Tag Archive for: national debt

Budget Office’s 10-Year Forecast: Historic Deficits, Record Debt, Higher Taxes

America’s fiscal future is gloomy, according to the 10-year forecast released Wednesday by the economic meteorologists (accountants, really) at the Congressional Budget Office (CBO). The CBO projected that by 2034 the U.S. federal government will run a $2.6 trillion deficit, equivalent to 6.1% of GDP, while public-held debt would nearly double from $26 trillion to $48 trillion, reaching a record 116% of GDP. These numbers are “mind boggling” and “absolutely astounding,” said Heritage Foundation research fellow Jeffrey Griffith on “Washington Watch.”

Indeed, the historic nature of America’s irresponsible borrowing binge is so unprecedented that it earned multiple mentions in the CBO’s report summary. The CBO noted that a debt equivalent to 116% of GDP represents “an amount greater than at any point in the nation’s history.” That’s more debt — both in absolute terms, and as a percentage of GDP — than the U.S. accumulated during any war, including the Revolutionary War and World War II, during any economic crisis or peacetime spending binge, or even during the century and a half that the government survived without an income tax.

Regarding the deficit reaching 6.1% of GDP (the 50-year average is 3.7%), the report noted that “deficits have exceeded that level” only three times since the Great Depression: “During and shortly after World War II, the 2007-2009 financial crisis, and the coronavirus pandemic.” In other words, soon the U.S. federal government will be running up the credit card as fast as it did during America’s largest international war and the two worst economic crises of this millennium — for no discernable reason at all.

The problem, fundamentally, is too much spending. The CBO estimated government revenues to average 17.8% of GDP over the next 10 years, slightly above the 50-year average of 17.3%. That estimate was based on the assumption that the 2017 tax cuts will be allowed to expire in 2025. By contrast, the CBO estimated that government spending will average 23.5% over the next decade, topping out at 24.1%, far higher than the 50-year average of 21%.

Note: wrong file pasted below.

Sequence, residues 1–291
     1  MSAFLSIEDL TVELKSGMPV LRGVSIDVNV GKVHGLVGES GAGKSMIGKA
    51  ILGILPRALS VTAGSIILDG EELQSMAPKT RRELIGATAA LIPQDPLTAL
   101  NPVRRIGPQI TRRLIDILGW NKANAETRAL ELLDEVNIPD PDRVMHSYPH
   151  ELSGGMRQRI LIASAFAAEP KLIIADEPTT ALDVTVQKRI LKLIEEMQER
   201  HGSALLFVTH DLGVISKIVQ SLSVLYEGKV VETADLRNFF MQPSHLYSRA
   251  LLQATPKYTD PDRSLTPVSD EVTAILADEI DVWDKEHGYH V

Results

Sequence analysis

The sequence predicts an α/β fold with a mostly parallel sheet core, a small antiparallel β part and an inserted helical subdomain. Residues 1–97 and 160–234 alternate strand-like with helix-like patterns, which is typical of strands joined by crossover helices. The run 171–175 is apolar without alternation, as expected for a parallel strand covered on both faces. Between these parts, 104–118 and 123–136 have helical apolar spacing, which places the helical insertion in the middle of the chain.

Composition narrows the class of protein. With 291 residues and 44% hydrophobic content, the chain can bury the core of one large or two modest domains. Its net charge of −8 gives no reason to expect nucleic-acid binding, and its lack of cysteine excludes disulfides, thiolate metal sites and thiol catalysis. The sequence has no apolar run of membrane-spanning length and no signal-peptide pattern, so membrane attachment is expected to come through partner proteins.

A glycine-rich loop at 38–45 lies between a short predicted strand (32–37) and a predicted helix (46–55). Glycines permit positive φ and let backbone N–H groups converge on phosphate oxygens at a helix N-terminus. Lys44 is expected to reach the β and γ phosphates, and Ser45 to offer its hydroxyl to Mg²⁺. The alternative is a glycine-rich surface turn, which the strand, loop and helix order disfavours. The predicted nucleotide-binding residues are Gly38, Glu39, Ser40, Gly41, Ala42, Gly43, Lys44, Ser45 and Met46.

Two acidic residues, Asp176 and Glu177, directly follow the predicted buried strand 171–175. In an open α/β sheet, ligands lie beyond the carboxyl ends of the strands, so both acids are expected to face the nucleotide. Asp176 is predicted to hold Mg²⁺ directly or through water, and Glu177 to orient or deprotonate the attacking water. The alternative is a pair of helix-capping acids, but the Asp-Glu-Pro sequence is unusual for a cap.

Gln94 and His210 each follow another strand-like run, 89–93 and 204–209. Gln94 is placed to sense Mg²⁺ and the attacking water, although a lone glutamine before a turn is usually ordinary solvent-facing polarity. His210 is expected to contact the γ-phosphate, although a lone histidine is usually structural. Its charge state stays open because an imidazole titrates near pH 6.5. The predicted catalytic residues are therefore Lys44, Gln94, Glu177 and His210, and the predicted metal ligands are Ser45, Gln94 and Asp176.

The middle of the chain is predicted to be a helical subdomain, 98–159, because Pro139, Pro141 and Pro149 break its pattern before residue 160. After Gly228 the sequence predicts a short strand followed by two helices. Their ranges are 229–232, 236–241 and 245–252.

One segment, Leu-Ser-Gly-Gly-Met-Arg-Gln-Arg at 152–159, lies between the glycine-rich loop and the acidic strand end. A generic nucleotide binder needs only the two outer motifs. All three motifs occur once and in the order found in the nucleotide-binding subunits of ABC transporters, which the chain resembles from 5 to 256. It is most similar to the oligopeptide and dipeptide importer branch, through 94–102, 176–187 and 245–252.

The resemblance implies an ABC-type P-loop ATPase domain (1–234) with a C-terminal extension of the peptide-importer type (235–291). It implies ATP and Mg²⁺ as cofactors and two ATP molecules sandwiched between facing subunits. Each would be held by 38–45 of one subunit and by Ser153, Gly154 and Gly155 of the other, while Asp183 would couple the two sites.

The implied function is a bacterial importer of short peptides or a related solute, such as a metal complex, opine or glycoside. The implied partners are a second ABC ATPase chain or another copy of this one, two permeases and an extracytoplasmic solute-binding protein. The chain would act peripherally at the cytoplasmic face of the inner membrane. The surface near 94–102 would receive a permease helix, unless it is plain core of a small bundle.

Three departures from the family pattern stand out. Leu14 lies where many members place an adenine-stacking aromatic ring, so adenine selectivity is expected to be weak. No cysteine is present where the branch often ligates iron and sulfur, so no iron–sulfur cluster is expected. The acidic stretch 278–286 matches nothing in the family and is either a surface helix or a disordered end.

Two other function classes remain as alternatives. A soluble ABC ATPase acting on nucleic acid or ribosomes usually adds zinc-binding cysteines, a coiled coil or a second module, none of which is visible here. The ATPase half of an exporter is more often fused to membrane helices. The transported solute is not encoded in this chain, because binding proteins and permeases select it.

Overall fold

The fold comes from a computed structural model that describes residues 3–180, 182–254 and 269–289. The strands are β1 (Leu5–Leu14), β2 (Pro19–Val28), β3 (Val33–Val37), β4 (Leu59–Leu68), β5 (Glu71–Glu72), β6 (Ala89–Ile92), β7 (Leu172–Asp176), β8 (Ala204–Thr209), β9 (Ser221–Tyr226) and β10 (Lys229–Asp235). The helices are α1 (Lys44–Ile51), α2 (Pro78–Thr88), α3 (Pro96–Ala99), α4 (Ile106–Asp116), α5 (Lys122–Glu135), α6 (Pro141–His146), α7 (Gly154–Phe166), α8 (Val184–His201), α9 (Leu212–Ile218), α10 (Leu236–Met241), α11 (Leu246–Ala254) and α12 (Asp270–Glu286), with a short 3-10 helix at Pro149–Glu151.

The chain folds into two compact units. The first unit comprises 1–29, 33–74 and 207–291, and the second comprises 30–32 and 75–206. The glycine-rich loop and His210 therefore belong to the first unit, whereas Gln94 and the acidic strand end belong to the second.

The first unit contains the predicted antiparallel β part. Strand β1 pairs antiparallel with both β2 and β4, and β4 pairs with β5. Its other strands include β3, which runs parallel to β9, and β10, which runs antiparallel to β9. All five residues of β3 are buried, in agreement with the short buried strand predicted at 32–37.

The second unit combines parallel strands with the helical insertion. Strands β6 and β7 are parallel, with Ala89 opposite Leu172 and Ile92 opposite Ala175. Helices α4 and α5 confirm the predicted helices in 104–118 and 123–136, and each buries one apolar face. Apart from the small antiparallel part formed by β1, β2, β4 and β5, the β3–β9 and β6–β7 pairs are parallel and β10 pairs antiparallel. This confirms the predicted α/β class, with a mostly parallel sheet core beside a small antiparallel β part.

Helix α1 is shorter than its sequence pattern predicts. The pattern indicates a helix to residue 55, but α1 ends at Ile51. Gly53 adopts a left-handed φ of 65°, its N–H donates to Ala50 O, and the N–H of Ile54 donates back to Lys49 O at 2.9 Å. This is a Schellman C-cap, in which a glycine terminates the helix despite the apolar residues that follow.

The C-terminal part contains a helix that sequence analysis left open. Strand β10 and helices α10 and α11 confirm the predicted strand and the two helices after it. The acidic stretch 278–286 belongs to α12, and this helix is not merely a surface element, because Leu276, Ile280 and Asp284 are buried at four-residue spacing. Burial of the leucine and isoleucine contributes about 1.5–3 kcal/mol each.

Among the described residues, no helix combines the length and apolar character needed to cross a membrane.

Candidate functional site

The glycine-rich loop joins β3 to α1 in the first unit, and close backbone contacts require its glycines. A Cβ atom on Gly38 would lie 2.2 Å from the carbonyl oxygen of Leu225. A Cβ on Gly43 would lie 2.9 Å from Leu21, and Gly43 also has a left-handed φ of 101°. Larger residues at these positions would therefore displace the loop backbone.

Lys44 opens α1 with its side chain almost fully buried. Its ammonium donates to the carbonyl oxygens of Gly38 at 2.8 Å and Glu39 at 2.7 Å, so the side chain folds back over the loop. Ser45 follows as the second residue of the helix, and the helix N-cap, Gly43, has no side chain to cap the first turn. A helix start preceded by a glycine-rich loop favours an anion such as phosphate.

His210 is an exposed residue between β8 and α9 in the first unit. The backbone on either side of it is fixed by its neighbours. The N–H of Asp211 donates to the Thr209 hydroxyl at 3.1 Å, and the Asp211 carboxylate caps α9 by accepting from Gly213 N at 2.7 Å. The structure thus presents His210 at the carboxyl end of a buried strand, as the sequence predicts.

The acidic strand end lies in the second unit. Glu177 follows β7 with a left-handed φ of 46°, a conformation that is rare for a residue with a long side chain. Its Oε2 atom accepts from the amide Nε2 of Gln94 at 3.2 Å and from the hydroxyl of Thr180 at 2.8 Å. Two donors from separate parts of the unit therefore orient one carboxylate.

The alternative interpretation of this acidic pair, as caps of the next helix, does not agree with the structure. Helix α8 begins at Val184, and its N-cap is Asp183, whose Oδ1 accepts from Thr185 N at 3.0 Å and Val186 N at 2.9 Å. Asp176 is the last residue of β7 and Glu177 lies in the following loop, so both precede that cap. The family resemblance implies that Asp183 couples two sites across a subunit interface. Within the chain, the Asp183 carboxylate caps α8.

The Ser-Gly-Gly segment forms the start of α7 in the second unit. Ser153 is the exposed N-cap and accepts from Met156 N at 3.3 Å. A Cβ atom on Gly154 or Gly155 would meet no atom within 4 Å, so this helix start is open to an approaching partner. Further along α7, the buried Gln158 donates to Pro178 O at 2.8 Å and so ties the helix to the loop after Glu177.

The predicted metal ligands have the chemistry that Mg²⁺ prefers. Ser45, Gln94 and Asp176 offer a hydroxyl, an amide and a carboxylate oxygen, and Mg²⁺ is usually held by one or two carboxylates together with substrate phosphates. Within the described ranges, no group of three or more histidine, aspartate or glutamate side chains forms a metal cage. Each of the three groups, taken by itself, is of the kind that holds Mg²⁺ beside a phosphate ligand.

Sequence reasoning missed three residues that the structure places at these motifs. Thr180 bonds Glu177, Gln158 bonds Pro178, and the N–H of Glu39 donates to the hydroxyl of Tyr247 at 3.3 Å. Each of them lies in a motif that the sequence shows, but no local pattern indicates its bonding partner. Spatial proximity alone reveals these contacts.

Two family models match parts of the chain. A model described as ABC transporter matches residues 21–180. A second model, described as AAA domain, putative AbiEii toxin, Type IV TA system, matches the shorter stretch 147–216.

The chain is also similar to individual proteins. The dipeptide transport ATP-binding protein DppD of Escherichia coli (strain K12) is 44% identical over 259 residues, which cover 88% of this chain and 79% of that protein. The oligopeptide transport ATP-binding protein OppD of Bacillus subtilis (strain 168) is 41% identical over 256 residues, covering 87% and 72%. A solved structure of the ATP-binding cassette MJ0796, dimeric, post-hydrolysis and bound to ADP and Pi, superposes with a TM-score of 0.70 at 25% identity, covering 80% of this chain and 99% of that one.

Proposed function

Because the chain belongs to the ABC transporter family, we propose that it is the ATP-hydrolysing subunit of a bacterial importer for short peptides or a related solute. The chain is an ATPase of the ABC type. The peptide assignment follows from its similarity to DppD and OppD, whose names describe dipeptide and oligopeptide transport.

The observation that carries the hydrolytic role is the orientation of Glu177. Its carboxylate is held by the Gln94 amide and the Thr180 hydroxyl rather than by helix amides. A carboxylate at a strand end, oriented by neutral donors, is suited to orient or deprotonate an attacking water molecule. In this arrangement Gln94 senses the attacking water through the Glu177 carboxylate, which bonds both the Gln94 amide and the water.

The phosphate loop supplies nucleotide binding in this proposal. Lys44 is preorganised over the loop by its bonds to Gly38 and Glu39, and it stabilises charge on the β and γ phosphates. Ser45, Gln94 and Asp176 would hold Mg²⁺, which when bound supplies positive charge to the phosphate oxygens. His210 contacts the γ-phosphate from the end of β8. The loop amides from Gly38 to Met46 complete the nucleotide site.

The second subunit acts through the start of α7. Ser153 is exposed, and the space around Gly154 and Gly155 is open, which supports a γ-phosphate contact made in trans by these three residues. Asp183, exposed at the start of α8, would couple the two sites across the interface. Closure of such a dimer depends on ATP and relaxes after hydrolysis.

Although the CBO’s statistics might be useful for comparisons over time, they fail to communicate the gravity of America’s current economic peril. Griffith bridged the gap by converting the trillions into numbers that can be brought home to each family. “We owe $400,000 per family in federal debt,” he said. “We’re expected to add another quarter million dollars per family over the next 10 years.” Who’s ready for a third mortgage?

Two types of spending were leading culprits in the CBO’s growing deficit projection: “Growth in spending on programs that benefit elderly people and rising net interest costs” — in other words, mandatory entitlement spending and servicing the debt. The CBO projected that mandatory spending will increase steadily to 15.1% of GDP, net interest payments will increase to 3.9%, while discretionary spending (both military and domestic) will actually decrease to 5.1% by 2034 — if you can believe it.

Forecasters have known for decades about the fiscal turbulence catalyzed by the rising longevity of America’s aging population. The relatively new factors are the recent arrival of a high interest system and its costly interaction with mountains of recently accrued debt.

According to the Committee for Responsible Budget, for the first time, net interest payments exceeded Medicaid spending in 2023 and will exceed defense spending and Medicare spending in 2024. “Starting next year,” wrote CBO, “net interest costs are greater in relation to GDP than at any point since at least 1940, the first year for which the Office of Management and Budget reports such data.”